Bears beat clock—and Lions

SportsFootballChicago BearsDeathJim HarbaughDetroit LionsRay Crockett

It was a big-game situation every young boy dreams about.

Fourth down on the 6-yard line.

Five seconds left. Trailing by four points.

Playing against the defending division champions on opening day.

Nationally televised.

Jim Harbaugh and Tom Waddle enacted the dream Sunday, hooking up on a last-second, 6-yard touchdown pass to salvage a 27-24 Bears victory over the stunned Detroit Lions at Soldier Field.

The call in the huddle was "13-wing Jet," the same play that Harbaugh and Waddle collaborated on to win in New Orleans last Oct. 27.

It was compelling theater, encore performance or not.

Wide receiver Wendell Davis cleared out his man—cornerback Ray Crockett—deep into the corner of the end zone. Waddle cut in front of Davis and Crockett, across the middle. Harbaugh looked away to freeze the linebackers, then fired a low bullet into the arms of Waddle.

"We ran that pass earlier and they killed Tommy on that twice," said coach Mike Ditka. "We took the motion off (the play), and that made the guy (safety Harry Colon) trying to get to him have to go through Davis, who was going to the corner. Harbaugh threw the ball absolutely perfect. Couldn't have thrown it any better."

The Bears won their ninth straight opening-day game in front of 63,672 enthralled fans who saw the lead change hands four times in the fourth period. The Lions had taken a 24-20 lead with 1:12 remaining on a 27-yard pass from Rodney Peete (18-of-26 for 273 yards and 2 TDs) to seemingly take the starch out of a Bears comeback effort. But…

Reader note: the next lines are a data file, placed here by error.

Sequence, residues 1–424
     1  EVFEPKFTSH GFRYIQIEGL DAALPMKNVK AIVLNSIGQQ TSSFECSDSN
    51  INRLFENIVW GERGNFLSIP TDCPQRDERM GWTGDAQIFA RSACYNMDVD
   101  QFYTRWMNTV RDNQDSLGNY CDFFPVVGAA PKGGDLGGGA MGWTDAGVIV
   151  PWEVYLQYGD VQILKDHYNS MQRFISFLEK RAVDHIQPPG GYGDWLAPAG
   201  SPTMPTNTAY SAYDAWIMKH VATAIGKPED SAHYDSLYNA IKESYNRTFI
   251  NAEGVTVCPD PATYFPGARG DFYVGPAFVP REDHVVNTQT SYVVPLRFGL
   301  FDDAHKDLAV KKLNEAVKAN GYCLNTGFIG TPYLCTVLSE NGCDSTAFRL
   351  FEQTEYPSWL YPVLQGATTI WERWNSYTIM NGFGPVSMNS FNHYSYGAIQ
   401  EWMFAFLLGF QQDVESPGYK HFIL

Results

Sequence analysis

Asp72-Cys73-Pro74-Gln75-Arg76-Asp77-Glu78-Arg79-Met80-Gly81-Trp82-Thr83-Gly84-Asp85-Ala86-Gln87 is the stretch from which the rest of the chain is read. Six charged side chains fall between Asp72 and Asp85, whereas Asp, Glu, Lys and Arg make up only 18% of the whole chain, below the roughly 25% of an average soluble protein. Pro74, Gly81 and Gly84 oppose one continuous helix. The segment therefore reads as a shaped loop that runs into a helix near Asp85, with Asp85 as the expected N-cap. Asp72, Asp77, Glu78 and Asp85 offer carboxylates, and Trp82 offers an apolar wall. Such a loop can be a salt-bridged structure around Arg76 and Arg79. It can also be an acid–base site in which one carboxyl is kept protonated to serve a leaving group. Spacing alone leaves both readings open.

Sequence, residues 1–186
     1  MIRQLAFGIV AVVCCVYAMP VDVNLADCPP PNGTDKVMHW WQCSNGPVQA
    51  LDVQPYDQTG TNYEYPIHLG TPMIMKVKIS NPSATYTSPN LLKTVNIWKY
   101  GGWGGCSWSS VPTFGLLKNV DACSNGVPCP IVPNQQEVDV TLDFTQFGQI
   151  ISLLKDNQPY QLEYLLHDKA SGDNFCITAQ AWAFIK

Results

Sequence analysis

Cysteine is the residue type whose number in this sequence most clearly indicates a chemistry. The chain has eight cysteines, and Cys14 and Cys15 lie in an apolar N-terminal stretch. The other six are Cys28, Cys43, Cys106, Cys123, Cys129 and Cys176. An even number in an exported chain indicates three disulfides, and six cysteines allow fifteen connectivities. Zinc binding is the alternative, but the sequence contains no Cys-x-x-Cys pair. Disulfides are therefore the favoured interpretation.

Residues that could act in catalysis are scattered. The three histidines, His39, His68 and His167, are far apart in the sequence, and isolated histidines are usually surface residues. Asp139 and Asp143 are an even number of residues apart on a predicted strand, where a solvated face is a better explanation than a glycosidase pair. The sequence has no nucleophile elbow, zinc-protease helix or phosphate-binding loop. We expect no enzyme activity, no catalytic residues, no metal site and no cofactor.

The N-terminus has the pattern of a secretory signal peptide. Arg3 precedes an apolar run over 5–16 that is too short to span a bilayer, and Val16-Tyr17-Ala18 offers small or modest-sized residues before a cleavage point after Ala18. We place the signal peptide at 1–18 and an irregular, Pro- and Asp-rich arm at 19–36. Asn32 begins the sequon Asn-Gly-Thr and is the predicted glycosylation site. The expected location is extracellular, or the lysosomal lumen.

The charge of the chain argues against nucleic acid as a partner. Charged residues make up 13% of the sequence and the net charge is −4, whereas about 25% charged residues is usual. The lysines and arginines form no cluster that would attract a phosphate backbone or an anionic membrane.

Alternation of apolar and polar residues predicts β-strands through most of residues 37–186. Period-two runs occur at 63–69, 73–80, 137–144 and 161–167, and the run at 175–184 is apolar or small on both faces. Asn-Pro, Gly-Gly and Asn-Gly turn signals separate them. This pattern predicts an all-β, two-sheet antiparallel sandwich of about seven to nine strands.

"I really thought we could win it," said Ditka. "The reason I felt it is because we had the three timeouts. Even though we hadn't played that well in preseason, the one thing we have done well has been our two-minute drill. I don't like to get in them, but you have got to work on them."

Harbaugh called all the plays on the drive, except the TD toss, which was sent in special delivery from offensive coordinator Greg Landry.

Waddle, who had only one catch for three yards before his game-winner, was at once pleased and understated about his clutch performance.

"I owe these guys in this room a lot," said Waddle in a joyous lockerroom. "I was very happy the last play was called to me because I really needed to make amends for the way I played. I may not look it, but I am very happy.

"Personally, I expect a lot from myself. I got Neal Anderson killed a couple of times (with missed blocks) and I made Jim Harbaugh look bad (with a dropped third-down pass). Every time we ran that ('13 wing Jet') play today, someone was always waiting in the middle for me. Jim made a great throw and it worked out."

The Bears scored on their opening possession, capping off a 68-yard drive with Harbaugh hitting Anderson for an 11-yard swing pass. Kevin Butler converted for a 7-0 lead.

Earlier in the drive, Anderson fumbled a handoff from Harbaugh. The ball squirted downfield and Waddle fortuitously recovered for a 12-yard gain.

The Lions drove from their own 10 to the Bears' 25 before Peete's pass intended for Willie Green was intercepted by Lemuel Stinson and returned 46 yards. Barry Sanders gave Stinson a forearm to the chin as he ran him out of bounds. The personal foul moved the ball to the Lions' 21.